"I don't see any difference between the two candidates when it comes to Israel. They are both supportive and have identical policies," he said.
Except on Iran
But national thought leaders do not agree that Gov. Mitt Romney and Obama have the same policies toward Israel — especially when it comes to Iran.
Matthew RJ Brodsky of the Jewish Policy Center said he thinks the governor and Obama have a different understanding of the U.S. role in international affairs, and that dictates their policies on Iran.
Romney said he will prevent Iran from acquiring nuclear weapons capability. Obama stated he would not allow Iran to have a nuclear weapons.
"The key word is capability. … The difference is significant because Obama's policy would presumably allow Iran to enrich and stockpile weapons-grade uranium — WGU."
Brodsky explained that if Iran ended up with WGU, then it would have a weapon in less than a year. He noted that Obama and his administration have been unable to set strong red lines for Iran and enforce them; a 0 percent enrichment was made a 3 to 5 percent enrichment, and lately, a 20 percent enrichment has seemed palatable to the White House. Brodsky said this makes the U.S. look weak among friends and foe.
During the candidates' third and final debate in Boca Raton, Fla. — which centered on foreign policy — Romney challenged the effectiveness of Obama's Iran policy, saying his perceived weakness has strengthened the ayatollahs' resolve.
"They have looked at this administration and felt that the administration was not as strong as it needed to be," he said. "I think they saw weakness where they had expected to find American strength."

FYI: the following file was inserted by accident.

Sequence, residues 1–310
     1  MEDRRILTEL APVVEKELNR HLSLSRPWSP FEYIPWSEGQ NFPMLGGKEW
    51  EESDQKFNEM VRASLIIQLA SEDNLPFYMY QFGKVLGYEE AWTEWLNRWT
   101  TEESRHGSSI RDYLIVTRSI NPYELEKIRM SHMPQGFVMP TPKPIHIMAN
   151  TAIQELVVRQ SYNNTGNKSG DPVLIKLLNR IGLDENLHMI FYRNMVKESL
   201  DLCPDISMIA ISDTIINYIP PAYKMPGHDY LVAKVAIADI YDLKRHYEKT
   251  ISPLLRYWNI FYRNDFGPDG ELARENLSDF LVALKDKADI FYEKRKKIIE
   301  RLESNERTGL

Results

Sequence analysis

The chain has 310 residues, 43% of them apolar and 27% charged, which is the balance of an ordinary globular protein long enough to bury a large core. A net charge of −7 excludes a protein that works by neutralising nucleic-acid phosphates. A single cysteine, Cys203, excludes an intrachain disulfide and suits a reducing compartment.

Brodsky quoted Romney as saying that he "wants to reaffirm our historic ties with Israel and our abiding commitment to its security — the world must never see daylight between our nations." During the debate, Romney said, ""If Israel is attacked, we have their back, not just diplomatically, not just culturally, but militarily."
"Putting Iran on notice while standing with Israel marks a difference in public messaging over the current administration," said Brodsky. "The bulk of U.S. messaging is devoted to preventing Israel from attacking Iran's nuclear facilities, rather than preventing Iran from gaining a nuclear weapons capability."
Brodsky and Prager, in his op-ed, noted the cold relationship between Obama and Netanyahu and the message that this sends the American people.
"Virtually every observer of contemporary international relations believes that President Obama dislikes the Israeli prime minister," wrote Prager. "Supporters of the president contend that this is Netanyahu's fault. But fault-finding here is irrelevant. Whatever the cause, this hostility remains a fact. And that is bad for Israel."
Romney has attacked Obama on this front. He said during the debate that the president did not act to shore up relations with Israel even after 38 members of Congress sent him a letter urging him to do so.
Local voters, however, are still unsure. Neustadt, for example, admitted that Romney comes across as more passionate about Israel, but she cautions voters that when it comes to Israel, "Romney has not done anything — he could not have done anything.
As president, Obama has done everything he can do. … I trust that Obama is pro-Israel."
Kurtzer noted that even if the Israeli government is vocally frustrated by the pace and strength of Obama's policy toward Iran, there is a place to assume that Obama's strategy is the better one.
"Of the small percentage [of American Jews] that does take Israel into the ballot box, there are some that will ultimately still vote for Obama because they think the Democratic policies and Obama are better for Israel. They voted for a Democratic president [in 2008], and they will do so again — because they believe it is best," he said.
Support for Israel comes sixth, seventh and eighth on Jewish voters' priority lists, according to David Harris, president and CEO of the National Jewish Democratic Council.
Maayan Jaffe is JT managing editor — firstname.lastname@example.org